WHEN JERRY GARCIA AND GENE Roddenberry died, I shed actual tears. Although I didn’t know either of them personally, they had both played important roles in my life — Jerry taught me to dance, Gene taught me to dream — and because of their role in the culture at large, their deaths were like the shutting of a communal door.
There’s a similar circumstance in this week’s Torah portion, Chukat, which notes — among other incidents — the deaths of Moses’ siblings, Miriam and Aaron, themselves beloved by their community. Think what it must have been like for the Israelites: smacked out of Egypt by the back of God’s miracle-hand, given a new constitution beneath a thundering mountain, then doomed by ingratitude to wander the desert for 40 years. Moses, Aaron and Miriam were all the leadership they knew: Moses the mysterious, whose face glows when he talks to God; Aaron, who loved peace so much he’d even tell fibs to achieve it; Miriam, the wise woman whose portable well enabled life in the desert.
And then Miriam died, and the water went away until Moses hit a rock and was cursed by God. Then Aaron — ardent peacemaker, inadvertent goldsmith, everyone’s best friend — died.
And they were alone in the desert with Moses and the pillar of fire.
They had entered a new era, but it only lasted a year before it too passed away. And they had to go on.
It must not have been very easy. Ending an era never is. Imagine walking through a corridor with a number of people — a cohort — all singing together; side doors open now and then, adding to and subtracting from the ranks so the number remains fairly constant. So does the conversation. Despite that over time the voices change, a few are strong enough to help the others keep up with the basic melody (one occasionally tries to drown out the others, but there are enough people to keep this from being too problematic). Some voices are so strong and clear that they echo long after their bearers pass through a side door.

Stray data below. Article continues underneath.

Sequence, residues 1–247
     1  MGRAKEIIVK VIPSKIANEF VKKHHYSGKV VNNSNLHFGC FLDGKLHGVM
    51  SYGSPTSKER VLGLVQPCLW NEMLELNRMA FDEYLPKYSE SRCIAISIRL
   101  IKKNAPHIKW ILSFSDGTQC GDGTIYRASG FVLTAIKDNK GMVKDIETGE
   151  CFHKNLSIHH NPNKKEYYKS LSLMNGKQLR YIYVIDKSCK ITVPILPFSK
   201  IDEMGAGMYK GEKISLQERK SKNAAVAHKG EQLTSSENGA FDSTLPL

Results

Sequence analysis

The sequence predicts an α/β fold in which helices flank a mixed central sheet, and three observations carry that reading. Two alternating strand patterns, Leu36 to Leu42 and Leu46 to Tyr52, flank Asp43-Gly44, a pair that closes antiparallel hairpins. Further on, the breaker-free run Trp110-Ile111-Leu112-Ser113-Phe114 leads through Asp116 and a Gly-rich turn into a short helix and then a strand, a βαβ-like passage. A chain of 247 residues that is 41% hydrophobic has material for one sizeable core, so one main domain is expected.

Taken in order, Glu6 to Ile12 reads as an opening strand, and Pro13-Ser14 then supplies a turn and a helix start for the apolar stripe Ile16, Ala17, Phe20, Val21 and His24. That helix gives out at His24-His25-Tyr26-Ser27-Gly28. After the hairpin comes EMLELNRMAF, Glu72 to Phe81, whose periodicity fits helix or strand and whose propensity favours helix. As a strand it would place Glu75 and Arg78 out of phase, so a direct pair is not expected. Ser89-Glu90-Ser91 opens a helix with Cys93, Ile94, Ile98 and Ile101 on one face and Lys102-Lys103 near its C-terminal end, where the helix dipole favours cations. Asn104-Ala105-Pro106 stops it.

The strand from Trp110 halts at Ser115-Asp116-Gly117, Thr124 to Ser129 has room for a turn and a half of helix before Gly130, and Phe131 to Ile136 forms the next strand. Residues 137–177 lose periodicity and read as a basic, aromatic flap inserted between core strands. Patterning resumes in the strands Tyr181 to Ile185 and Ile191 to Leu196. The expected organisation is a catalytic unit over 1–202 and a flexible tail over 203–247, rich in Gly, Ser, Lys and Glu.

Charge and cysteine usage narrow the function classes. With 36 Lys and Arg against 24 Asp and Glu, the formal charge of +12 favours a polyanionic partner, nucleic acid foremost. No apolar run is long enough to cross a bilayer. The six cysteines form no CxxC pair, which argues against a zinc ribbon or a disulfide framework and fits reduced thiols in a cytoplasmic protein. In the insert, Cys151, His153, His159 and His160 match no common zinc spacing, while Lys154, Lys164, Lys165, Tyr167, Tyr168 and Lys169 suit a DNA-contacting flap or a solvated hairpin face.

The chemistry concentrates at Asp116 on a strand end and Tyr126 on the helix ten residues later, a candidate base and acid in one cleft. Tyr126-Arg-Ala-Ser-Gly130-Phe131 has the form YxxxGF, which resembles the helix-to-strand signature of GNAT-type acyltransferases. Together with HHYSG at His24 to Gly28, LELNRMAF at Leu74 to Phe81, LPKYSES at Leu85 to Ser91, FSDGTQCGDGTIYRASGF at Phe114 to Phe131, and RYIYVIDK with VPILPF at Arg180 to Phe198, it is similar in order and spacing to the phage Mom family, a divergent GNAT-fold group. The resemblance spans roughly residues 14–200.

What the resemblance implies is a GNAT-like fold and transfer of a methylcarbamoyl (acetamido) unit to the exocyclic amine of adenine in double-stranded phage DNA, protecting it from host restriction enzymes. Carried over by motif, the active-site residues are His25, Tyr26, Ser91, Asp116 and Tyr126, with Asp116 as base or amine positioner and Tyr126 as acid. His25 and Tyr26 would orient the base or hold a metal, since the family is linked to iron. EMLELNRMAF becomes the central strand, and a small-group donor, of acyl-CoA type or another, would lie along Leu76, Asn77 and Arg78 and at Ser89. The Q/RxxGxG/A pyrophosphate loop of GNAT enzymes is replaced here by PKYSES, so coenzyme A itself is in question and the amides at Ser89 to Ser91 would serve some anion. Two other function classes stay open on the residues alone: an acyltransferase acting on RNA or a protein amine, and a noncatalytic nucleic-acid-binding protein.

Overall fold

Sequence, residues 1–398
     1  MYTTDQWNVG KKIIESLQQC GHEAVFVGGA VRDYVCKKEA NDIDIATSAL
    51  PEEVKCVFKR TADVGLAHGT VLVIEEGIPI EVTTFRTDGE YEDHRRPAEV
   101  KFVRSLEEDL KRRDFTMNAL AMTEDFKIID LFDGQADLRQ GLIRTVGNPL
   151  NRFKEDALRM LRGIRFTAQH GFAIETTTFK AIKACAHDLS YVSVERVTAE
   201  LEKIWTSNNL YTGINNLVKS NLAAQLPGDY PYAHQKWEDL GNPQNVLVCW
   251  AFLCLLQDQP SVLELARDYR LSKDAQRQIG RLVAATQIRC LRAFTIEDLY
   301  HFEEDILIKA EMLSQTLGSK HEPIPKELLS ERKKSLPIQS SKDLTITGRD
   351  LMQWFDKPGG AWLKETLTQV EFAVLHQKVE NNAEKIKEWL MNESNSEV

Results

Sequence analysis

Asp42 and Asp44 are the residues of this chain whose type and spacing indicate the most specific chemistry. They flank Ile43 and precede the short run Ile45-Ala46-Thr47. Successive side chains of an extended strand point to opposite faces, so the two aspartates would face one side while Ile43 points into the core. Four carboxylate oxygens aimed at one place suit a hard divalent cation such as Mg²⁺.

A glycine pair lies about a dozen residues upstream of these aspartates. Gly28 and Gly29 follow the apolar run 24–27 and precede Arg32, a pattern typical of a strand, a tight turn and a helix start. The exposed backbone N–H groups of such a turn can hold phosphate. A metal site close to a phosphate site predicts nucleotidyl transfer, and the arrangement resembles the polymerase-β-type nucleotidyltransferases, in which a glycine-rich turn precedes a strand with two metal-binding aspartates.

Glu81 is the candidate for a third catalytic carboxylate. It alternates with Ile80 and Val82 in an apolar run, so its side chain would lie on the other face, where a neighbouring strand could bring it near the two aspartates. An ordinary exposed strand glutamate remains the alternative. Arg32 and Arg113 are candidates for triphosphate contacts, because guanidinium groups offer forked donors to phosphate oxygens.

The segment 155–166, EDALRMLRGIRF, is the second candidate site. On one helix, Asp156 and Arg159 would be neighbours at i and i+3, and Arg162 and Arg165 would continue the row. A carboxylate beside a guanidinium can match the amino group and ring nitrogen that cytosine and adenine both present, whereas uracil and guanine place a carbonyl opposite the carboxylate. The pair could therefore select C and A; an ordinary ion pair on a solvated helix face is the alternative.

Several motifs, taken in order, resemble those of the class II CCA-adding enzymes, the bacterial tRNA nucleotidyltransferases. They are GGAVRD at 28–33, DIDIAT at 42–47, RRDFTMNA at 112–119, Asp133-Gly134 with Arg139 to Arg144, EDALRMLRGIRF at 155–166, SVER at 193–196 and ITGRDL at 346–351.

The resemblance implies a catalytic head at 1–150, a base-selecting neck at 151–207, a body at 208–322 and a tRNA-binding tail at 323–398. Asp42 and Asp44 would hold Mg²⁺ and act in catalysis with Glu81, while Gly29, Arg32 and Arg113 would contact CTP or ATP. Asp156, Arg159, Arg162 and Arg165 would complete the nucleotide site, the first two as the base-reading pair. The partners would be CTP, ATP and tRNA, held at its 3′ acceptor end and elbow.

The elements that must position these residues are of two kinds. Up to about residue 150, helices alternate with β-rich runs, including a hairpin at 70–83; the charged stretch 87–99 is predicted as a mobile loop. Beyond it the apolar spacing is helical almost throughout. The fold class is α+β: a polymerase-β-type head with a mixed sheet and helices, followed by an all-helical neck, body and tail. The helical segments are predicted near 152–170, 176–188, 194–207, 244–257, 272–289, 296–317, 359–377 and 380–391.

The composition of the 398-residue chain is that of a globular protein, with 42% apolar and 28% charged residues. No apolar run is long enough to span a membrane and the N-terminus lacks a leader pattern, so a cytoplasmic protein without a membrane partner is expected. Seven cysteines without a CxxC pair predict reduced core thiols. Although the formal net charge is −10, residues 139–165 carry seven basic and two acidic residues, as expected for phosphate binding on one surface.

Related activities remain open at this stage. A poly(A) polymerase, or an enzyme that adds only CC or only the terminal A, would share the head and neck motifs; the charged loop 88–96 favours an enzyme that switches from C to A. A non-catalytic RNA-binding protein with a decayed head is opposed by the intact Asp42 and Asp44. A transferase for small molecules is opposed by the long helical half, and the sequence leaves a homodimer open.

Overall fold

Since the corridor and the singing and the people are ongoing, any “era” is really in the eye of the beholder. It begins when you enter and ends when you leave, but from the point of view of the song itself there’s neither beginning nor end — only singing.
Come join us for Torah study, and lend your ear and voice to the never-ending song.
Neal & Ann’s Torah Study
Saturday, July 2, 2011, 10 am-noonish (RSVP)
Torah Portion: Chukat (Numbers 19:1-22:1)
Haftarah (Supplemental Reading): Judges 11:1-33